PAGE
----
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Article: Color Coding the Bible

מקרא צבעים

Color Coding the Bible

Anat Navot

Solomon Mandelkern (1846–1902) was fired from his position as deputy rabbi of the Jewish community in Odessa after being convicted of publishing a false report about a blood libel in 1879. He was consequently forced to flee Russia and make his home in Leipzig, Germany.

Mandelkern went from being a rabbi, poet, and promising Hebrew author to a lone exile who invested most of his energies in his magnum opus, a rigorous new concordance of the Bible in Hebrew and Aramaic, which he named Heikhal HaKodesh (The Sacred Structure).

A concordance is an alphabetical listing of all the words in the Bible with citations and one of the most important tools in critical Bible study. Mandelkern was motivated by the need not only to correct the many errors of previous concordances but also to create important categories to guide the development of modern Hebrew.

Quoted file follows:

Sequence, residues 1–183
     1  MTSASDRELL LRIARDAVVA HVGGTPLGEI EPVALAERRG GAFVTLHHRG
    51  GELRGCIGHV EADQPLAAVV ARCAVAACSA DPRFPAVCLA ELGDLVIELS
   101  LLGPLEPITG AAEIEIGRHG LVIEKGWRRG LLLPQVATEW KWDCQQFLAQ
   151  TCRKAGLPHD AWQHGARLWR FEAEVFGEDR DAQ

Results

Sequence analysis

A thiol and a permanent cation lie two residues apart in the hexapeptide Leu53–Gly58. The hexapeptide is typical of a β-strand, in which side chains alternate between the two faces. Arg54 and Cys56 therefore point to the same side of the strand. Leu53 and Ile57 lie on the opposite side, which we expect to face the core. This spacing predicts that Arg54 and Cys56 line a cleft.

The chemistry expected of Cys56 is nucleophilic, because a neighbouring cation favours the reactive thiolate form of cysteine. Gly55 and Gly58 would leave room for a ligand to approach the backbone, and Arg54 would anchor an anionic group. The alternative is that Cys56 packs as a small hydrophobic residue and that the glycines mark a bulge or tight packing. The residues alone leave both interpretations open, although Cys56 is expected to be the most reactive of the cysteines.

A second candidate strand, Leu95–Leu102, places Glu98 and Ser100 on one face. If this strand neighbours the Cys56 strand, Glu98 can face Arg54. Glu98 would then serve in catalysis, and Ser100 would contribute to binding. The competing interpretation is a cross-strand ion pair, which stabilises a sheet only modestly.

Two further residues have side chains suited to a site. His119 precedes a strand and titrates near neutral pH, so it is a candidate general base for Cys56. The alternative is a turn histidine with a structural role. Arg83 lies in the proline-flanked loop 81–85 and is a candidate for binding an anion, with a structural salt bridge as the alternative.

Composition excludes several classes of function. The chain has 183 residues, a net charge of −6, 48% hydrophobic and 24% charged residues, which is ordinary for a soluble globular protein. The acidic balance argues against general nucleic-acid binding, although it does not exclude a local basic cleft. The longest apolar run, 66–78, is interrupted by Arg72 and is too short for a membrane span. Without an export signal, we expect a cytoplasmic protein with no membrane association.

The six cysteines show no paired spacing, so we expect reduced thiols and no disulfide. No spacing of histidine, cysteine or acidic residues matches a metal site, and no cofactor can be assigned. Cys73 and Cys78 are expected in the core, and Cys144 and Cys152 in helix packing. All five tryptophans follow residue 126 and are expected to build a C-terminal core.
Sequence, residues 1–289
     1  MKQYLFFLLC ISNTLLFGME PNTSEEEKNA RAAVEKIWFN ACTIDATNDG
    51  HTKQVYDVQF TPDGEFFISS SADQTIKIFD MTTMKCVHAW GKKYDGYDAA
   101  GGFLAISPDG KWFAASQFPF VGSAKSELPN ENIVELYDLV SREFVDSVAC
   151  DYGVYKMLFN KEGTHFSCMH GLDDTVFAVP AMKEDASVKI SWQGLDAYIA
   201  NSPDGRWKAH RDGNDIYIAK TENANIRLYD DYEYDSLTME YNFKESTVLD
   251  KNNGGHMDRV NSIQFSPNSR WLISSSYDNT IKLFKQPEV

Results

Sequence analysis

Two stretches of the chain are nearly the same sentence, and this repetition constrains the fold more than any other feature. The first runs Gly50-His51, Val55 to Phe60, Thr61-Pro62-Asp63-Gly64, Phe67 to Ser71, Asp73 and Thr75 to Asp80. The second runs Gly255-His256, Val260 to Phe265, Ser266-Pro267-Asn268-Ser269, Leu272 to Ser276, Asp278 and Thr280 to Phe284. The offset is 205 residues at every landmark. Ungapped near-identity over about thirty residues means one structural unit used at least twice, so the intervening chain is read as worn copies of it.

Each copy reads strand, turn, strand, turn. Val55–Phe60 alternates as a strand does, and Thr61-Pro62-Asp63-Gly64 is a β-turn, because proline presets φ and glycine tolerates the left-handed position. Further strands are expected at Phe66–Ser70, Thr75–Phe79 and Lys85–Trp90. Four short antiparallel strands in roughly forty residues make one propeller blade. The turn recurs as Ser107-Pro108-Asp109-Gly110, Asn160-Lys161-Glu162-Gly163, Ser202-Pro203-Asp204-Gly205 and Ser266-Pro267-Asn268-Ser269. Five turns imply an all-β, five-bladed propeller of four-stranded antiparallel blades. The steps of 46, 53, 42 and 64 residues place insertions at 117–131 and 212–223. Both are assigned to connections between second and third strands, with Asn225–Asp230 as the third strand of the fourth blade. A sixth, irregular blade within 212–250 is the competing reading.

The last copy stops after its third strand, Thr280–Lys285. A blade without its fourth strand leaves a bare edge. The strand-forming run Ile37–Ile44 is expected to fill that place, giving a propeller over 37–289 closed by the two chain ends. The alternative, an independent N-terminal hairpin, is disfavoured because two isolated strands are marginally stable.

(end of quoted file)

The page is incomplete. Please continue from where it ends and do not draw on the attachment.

Along with the nineteen volumes of the original manuscript of the concordance, the National Library is also home to “Mandelkern’s Bible.” From the outside, this Bible does not appear extraordinary in any respect, but seen from the inside, one can appreciate the years of toil Mandelkern invested in his research and his methodical and innovative approach. He color coded all the words in his Bible as a basis for the categories of the concordance: root words in blue, prepositions in yellow, personal pronouns in green, and proper nouns in red.

Mandelkern carried his Bible with him wherever he went. It remained with him even in the final days of his life when he proudly showed it to his doctor. As Zionist leader Nahum Sokolow recalled: “All his acquaintances will remember the sight of the Bible that he would show to everyone — his inked, mottled, banded Bible with different colors under each word…Someone ought to donate that Bible to some Jewish museum or to the National Library in Jerusalem.”